Home Server 1: Bitcoin Node Hardware Setup2022-09-21 01:31
I decided it was finally time to setup a Bitcoin node of my very own. I debated a long time about getting a Raspberry Pi or buying a NUC-like device. Finally, I decided to repurpose an old laptop I have, and I think that I made the right decision.
Initially I worried that the fan noise would annoy me or my wife (our router is in our bedroom). However, so far, the noise is minimal to non-existent. I suppose running a Bitcoin node is not a particularly taxing task. As I add more services to the device, I will see how it continues to fare.
The laptop I’m using is an Acer Aspire E5-575G that I ordered from Amazon 5 years ago. It’s CPU is an Intel Core i5-7200U CPU @ 2.50GHz and it has 8GB of DDR4 RAM.
It has a 256GB SSD drive, which I replaced with a Western Digital 1TB SSD drive which I purhased from Walmart. One terabyte is already getting low for a Bitcoin full node + extra services (such as an Electrum server) so I will no doubt need to update that in the future.
I also opted to remove the battery. It probably wasn’t necessary, but the idea of leaving a laptop on, day and night, plugged in with a battery made me nervous.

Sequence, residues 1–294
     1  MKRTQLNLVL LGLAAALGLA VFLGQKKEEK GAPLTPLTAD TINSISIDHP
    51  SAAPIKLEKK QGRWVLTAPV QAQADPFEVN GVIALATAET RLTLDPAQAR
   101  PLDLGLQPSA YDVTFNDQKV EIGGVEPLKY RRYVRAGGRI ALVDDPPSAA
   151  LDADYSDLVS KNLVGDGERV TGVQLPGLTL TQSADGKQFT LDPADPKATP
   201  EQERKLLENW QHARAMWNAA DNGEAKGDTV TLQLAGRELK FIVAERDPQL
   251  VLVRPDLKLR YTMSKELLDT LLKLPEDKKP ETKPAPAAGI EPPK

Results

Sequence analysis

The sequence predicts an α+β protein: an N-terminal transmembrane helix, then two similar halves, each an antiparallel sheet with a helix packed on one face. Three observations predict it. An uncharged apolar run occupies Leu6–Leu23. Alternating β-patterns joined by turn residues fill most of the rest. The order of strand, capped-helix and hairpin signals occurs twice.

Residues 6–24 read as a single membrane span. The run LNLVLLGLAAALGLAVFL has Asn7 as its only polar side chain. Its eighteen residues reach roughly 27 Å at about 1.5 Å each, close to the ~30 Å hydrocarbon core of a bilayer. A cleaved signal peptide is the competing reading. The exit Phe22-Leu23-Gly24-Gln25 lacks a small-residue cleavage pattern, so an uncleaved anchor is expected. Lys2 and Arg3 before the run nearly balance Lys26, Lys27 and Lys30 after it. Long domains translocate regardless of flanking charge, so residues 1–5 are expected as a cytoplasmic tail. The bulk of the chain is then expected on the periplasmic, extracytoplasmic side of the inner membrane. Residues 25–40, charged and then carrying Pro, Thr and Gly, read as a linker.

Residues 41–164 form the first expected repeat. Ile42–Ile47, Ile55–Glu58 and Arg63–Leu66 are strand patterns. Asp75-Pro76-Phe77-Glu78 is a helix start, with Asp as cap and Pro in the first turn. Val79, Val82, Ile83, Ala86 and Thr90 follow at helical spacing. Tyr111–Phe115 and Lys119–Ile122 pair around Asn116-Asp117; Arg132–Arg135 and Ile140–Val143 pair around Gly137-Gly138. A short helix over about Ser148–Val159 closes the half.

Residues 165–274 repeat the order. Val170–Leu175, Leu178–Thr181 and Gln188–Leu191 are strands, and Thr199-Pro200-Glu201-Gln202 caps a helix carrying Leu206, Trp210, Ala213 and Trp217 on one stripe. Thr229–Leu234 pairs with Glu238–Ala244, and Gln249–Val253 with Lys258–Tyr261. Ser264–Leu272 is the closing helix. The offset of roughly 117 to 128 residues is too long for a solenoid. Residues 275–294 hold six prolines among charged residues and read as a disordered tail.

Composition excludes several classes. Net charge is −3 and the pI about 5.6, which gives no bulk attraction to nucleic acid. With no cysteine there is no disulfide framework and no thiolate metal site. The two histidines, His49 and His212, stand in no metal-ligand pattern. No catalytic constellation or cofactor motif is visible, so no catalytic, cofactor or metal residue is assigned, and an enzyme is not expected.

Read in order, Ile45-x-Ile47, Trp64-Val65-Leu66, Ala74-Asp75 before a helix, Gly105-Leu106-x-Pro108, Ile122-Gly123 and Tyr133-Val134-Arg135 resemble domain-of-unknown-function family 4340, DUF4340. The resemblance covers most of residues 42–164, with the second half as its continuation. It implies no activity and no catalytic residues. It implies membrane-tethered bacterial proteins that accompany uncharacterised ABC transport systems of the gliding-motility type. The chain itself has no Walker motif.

Here are some useful tutorials:
When it comes to running a Bitcoin node, network connection is important. I have a gigabit fiber connection with AT&T, and my router is a TP-Link Archer AX73. This router is a beast for home internet use. I know you might think you need a $500 mega-low latency gaming router, but you don’t. However, if you’re using a default, ISP-provided router you definitely need to upgrade.
I used the default router for years and eventually I had about 15 devices on it, between computers, tablets, phones, smart switches, etc. AT&T only rated it for 10 devices and it showed. The internet connection would die constantly, videos would buffer, on and on. After updgrading to this router, we have had zero issues. There are now 20 devices connected and this thing still screams.
Initially I had this computer connected via WiFi so I could place it somewhere else in the house. As I mentioned previously, I was worried about fan noise. It did work, actually. The Bitcoin node fully synced in a very short time (maybe eight hours). However, I noticed lag while SSH’ing into the machine. Connecting via ethernet directly to the router resolved that issue. It’s not absolutely necessary to use ethernet, but I would suggest it.
It is currently tucked nearly underneath our dresser. I put a piece of electrical tape over the blue LED indicator and it is upside down for airlow.